In tax year 2009, college students and their parents left nearly $800 million in tax benefits for higher education on the table. Students and parents filing their taxes this spring will confront the same trio of tax breaks and many will likely make similar errors.
In particular, the Government Accountability Office (GAO) found that for the 2009 tax year, 14 percent of those eligible for higher education tax benefits – more than 1.5 million returns – failed to take any credit or deduction and did not claim an average $466 in tax benefits. GAO also found that about 40 percent of those choosing the deduction for tuition – about 237,000 of the 588,000 returns claiming that particular tax break – would have lowered their federal tax liability by choosing a different tax break (the Lifetime Learning Credit) and, by not doing so, lost average tax benefits of $284.1
The comprehensive tax reform plan recently released by Ways and Means Committee Chairman Dave Camp (R-MI) fully incorporates a proposal previously put forward by Reps. Diane Black (R-TN) and Danny Davis (D-IL) in the Student and Family Tax Simplification Act to merge the different education tax breaks into one consolidated credit. The new credit would concentrate tax benefits for tuition on lower-income students and streamline the tax code for Americans who are paying tuition.
The Law of the Land
Students and parents who want to claim a tax break for higher education currently have to choose among the American Opportunity Tax Credit (AOTC), the Lifetime Learning Credit (LLC), and the deduction for tuition expenses. Each filer can only claim one of these for a given tax year and the value of each varies depending on the student’s circumstances. Both the Camp plan and the Black-Davis bill would eliminate this triumvirate of tax breaks in favor of an expanded AOTC.
- The AOTC was introduced in the 2009 American Recovery and Reinvestment Act (ARRA) – otherwise known as the “stimulus bill” – as a temporary replacement and expansion of the permanent Hope Scholarship Credit (HSC) and has been extended through 2017. The AOTC is available to students (or their parents, depending on who is paying tuition) in their first four years of post-secondary education to cover tuition, fees, and course materials.
The credit is worth a maximum of $2,500 and can only be claimed if the student is studying at least half-time towards a degree. The AOTC is partially refundable (up to 40 percent) and phases down from $2,500 for individuals with income over $80,000 to zero for those with income of $90,000 or above (thresholds doubled for joint filers). The current AOTC applies to expenses only after Pell Grants have first been applied to those expenses, oftentimes lessening the credit’s value.2 (See bottom-most graphic.)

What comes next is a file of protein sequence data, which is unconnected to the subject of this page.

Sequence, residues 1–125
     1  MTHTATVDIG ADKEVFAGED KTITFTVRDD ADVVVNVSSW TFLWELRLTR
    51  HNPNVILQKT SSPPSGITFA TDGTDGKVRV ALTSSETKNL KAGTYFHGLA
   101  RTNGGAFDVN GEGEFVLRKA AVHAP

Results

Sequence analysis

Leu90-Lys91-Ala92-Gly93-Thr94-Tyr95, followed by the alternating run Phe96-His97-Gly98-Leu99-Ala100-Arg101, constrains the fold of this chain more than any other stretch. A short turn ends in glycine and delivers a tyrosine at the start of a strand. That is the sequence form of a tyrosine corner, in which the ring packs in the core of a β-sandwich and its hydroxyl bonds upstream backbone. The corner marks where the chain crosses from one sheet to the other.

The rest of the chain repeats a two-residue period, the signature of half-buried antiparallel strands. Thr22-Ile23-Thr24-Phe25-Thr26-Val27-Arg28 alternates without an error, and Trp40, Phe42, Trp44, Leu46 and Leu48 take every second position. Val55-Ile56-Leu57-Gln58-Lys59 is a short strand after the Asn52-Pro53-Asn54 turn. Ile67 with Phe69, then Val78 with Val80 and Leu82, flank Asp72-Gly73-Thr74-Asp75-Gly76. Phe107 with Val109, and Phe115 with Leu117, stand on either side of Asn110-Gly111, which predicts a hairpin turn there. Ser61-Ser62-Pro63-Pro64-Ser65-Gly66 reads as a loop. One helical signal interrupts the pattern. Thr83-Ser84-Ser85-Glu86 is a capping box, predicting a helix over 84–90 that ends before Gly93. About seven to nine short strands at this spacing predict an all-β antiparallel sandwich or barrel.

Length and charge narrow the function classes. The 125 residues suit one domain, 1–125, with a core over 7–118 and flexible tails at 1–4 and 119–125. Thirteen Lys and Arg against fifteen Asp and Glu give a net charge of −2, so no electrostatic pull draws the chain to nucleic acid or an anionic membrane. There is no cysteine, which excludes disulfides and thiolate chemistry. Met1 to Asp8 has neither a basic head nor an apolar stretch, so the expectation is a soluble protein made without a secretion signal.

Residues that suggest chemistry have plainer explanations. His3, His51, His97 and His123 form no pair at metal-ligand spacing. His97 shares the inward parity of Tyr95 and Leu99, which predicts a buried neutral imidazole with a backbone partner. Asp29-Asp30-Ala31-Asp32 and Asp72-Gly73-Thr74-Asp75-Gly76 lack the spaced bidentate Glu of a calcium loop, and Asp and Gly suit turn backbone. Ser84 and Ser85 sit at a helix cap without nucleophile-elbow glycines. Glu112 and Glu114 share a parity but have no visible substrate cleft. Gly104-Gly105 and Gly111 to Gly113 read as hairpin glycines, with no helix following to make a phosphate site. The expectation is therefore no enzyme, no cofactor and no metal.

Absent congressional action, the permanent HSC, which is less generous than the AOTC for almost all students, will take the place of the AOTC in 2017.
- The LLC grants a tax credit of up to $2,000 towards tuition and fees. This credit is not refundable and phases out at a lower level of income than the AOTC ($63,000 for single filers and $127,000 for joint filers). The LLC is, however, available to students taking any number of post-secondary education classes (whether they are in a degree-granting program or not) and is available for an unlimited number of years.
- Finally, the deduction for tuition and fees allows taxpayers to deduct tuition and fee payments of up to $4,000 from their taxable income. This is an “above-the-line” deduction, meaning that those who do not itemize their deductions can still take advantage of it. It has no time limit and is available regardless of the number of classes that a student takes or their degree-seeking status. The deduction phases out at the same income levels as the AOTC.
This deduction is available through the 2013 tax year but expired at the end of the year and, absent congressional action, will not be available for the 2014 tax year. Notably, the tuition and fees deduction is one of the “tax extenders,” which are a collection of about 55 tax breaks that Congress has repeatedly extended in the past but allowed to expire at the end of 2013.
What do Camp, Black, and Davis Suggest?
The proposal on the table would repeal the LLC and the HSC and would not renew the deduction for tuition and fees in favor of an expanded AOTC. The new AOTC would concentrate its benefits on lower-income Americans by increasing the credit’s refundability, lowering the phase-out levels, and altering the way that Pell Grants are included in the formula.